Election Fraud Cases
Brandon Hall was convicted of ten counts of ballot petition fraud stemming from the 2012 election. Chris Houghtaling, who sought to become a candidate for the Ottawa County District Court, hired Hall to acquire the necessary signatures for his candidacy; Houghtaling reportedly did not care whether the signatures were collected legally or illegally, and even assisted in Hall's crime by providing him old 2010 petitions to copy. Hall, realizing he did not collect enough signatures, used a phone book to complete the rest. Hall's friend, Zachary Savage, assisted with the fraud, but prosecutors granted him immunity in exchange for his testimony. Hall appealed his conviction, which was affirmed. He is awaiting sentencing.
Adam Easlick, a resident in Ypsilanti, voted illegally in the 2012 presidential election in Tuscola County after registering at a post office. He was registered at multiple addresses outside of Ypsilanti. Easlick pleaded guilty to the charges and received six months' probation. Interestingly, following the voter fraud charges, in May 2013, after multiple warnings from the secretary of state, Easlick placed an ad on Craigslist seeking an address in Ingham County to obtain a fraudulent driver's license. Between March 2012 and February 2013, Easlick changed his registration among street addresses, post offices or mail-forwarding businesses in Clare, Hillsdale, Tuscola, and Kent counties.
Salim Ahmed pleaded guilty to one felony count of unlawful possession of an absentee ballot. Ahmed was initially charged with 20 counts of improper return of absentee ballots. He and two other men delivered absentee ballots to the city clerk's office from people not related to them or members of their household. Ahmed was fined and ordered to pay court costs.
Armani Asad, an unsuccessful candidate for Hamtramck City Council, pleaded guilty to one count of improper possession of an absentee ballot. Asad initially faced 14 charges related to improper return of absentee ballots. He and two other men illegally delivered absentee ballots to the city clerk's office from people not related to them or members of their household. Asad was fined and ordered to pay court costs.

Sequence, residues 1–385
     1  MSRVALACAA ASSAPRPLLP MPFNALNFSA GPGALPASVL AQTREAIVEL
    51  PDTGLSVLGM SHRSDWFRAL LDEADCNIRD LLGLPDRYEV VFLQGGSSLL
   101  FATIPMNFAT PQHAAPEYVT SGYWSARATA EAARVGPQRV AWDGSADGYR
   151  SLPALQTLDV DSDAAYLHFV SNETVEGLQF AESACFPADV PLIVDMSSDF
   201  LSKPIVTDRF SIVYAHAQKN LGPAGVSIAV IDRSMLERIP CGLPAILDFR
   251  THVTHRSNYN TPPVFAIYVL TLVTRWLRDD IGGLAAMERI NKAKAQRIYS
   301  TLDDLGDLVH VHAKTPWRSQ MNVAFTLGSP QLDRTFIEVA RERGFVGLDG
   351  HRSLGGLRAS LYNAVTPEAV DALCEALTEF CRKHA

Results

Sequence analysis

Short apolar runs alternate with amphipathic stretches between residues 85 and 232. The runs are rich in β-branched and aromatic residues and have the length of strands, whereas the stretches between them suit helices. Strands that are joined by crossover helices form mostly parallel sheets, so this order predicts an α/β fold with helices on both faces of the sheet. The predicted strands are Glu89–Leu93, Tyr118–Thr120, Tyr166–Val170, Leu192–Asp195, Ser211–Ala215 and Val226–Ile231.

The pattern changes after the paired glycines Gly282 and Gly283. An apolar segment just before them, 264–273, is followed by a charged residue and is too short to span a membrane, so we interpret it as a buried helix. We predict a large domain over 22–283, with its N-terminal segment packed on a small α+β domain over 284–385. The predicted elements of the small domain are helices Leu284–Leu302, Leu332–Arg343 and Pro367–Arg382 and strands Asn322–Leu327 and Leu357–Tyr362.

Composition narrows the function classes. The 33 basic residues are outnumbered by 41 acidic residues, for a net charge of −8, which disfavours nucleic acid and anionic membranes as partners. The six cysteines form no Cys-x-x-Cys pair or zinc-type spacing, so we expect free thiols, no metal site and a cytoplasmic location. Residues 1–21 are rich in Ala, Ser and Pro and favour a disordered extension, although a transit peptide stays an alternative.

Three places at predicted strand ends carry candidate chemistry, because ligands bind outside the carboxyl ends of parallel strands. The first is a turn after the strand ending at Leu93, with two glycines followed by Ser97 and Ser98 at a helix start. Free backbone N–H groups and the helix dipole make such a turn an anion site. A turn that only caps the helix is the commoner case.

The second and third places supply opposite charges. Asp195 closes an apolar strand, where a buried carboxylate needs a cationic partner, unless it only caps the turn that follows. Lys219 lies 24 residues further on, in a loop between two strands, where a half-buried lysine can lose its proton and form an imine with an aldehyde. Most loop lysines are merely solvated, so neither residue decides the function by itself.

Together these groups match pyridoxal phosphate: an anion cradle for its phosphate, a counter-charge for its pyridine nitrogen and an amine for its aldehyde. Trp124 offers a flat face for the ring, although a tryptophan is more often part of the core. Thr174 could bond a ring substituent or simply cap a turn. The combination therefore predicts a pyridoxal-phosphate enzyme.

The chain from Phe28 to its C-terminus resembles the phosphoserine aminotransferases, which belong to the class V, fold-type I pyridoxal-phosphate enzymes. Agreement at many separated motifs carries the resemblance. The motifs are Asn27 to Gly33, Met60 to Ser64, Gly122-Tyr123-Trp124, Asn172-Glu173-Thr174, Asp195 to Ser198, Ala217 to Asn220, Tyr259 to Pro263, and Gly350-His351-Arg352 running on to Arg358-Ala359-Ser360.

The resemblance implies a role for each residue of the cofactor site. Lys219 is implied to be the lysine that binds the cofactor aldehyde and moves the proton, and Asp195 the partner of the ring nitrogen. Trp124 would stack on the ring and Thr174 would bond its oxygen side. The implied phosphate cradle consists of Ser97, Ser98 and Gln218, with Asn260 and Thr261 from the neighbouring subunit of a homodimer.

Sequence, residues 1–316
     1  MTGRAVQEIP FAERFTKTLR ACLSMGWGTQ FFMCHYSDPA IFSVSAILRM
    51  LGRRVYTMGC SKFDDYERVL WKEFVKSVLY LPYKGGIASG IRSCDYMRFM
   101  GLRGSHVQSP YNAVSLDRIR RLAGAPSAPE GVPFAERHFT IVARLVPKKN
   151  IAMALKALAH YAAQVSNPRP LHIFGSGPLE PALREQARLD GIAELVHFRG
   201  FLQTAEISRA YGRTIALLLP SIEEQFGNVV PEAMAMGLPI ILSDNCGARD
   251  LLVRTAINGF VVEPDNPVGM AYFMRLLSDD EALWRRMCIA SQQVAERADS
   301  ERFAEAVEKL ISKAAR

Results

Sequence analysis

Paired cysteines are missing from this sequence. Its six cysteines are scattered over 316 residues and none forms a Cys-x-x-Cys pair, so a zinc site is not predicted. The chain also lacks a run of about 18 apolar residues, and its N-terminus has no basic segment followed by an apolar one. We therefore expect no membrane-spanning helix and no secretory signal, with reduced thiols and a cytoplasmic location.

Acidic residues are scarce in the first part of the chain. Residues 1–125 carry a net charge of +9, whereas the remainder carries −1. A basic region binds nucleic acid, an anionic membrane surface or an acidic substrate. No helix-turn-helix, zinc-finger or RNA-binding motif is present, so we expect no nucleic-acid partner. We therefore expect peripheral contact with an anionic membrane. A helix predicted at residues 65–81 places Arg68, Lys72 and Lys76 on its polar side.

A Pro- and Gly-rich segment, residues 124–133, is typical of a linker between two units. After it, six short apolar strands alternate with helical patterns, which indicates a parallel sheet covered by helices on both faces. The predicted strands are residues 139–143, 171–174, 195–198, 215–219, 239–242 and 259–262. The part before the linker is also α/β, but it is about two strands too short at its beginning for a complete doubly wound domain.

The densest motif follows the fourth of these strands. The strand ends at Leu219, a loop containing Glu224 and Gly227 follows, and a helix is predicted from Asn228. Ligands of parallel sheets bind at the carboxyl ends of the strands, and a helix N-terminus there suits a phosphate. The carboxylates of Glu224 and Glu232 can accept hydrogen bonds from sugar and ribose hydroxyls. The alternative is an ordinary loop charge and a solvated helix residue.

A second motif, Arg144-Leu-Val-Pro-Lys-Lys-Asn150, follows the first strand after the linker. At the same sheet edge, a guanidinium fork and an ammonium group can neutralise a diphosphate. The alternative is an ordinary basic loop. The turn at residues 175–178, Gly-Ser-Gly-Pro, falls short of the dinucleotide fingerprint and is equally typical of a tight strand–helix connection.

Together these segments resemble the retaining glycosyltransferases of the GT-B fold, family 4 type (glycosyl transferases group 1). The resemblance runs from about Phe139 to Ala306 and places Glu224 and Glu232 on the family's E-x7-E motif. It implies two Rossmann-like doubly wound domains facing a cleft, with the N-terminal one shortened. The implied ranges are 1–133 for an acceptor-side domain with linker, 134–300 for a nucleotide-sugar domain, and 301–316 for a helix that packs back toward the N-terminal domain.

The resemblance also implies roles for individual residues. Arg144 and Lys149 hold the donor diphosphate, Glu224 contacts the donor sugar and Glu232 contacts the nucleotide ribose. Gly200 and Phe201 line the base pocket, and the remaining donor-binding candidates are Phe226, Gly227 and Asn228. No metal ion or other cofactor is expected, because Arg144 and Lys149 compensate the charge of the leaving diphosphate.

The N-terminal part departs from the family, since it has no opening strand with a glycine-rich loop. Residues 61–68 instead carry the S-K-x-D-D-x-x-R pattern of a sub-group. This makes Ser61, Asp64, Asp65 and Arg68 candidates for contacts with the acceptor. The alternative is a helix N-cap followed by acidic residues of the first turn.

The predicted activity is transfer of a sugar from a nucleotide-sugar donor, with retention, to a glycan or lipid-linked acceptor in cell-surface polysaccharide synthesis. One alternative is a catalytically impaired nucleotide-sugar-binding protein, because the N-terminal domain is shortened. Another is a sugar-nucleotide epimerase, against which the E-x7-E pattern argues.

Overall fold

Russell Mohammed pleaded guilty to one felony count of unlawful possession of an absentee ballot. Mohammed was initially charged with six counts of improper return of absentee ballots. He and two other men were charged with delivering absentee ballots to the city clerk's office from people not related to them or members of their household. Mohammed was fined and ordered to pay court costs.
As if once wasn't enough, in 2014 Reverand Edward Pinkney was convicted again. This time for false certification of petitions in a mayoral recall election. As a habitual offender, based on his three prior convictions, Pinkney was sentenced to serve between two-and-a-half and ten years in prison.
Mohammed Abdur Rahman, of Hamtramck, pleaded guilty to one count of improper possession of an absentee ballot. He initially faced five counts of improper possession of ballots during the 2013 primary election. He was sentenced to probation.
Dilsa Maria Saddler, of Berrien Springs, was convicted of conspiracy to commit election fraud. She registered to vote and voted in the 2008 general election, even though she was ineligible because she is not a U.S. citizen. She was sentenced to 10 days in jail, 100 hours of community service, and $750 in fines and court costs.
Former staff members for U.S. Representative Thaddeus McCotter created fake nominating petitions for his short-lived 2012 presidential campaign. Lorianne O'Brady pleaded no contest to falsely signing a nominating petition, and was sentenced to 20 days in either prison or a work program, as well as paying $2,625. Don Yowchuang pleaded no contest to 10 counts of forgery and six counts of falsely signing a nominating petition as a circulator, and received three years' probation and 200 hours of community service. Paul Seewald pleaded guilty to nine counts of falsely signing a nominating petition, and received 100 hours of community service and three years' probation.
Former Oakland County Democratic Party officials, Jason Bauer and Mike McGuinness, were charged with election fraud for trying to put a fake Tea Party candidate on the ballot in order to dilute the Republican vote. Bauer pleaded no contest and was sentenced to one year probation and $2,600 in fines. McGuinness pleaded no contest to perjury and forgery, and received one year probation, 180 hours of community service, and $1,965 in fines.
Following a jury trial, Reverand Edward Pinkney of Benton Harbor was found guilty of possessing other individuals' absentee ballots and buying votes in a 2005 runoff election. At a local soup kitchen, Pinkney would pay $5 to each poor or homeless person who would fill out an absentee ballot.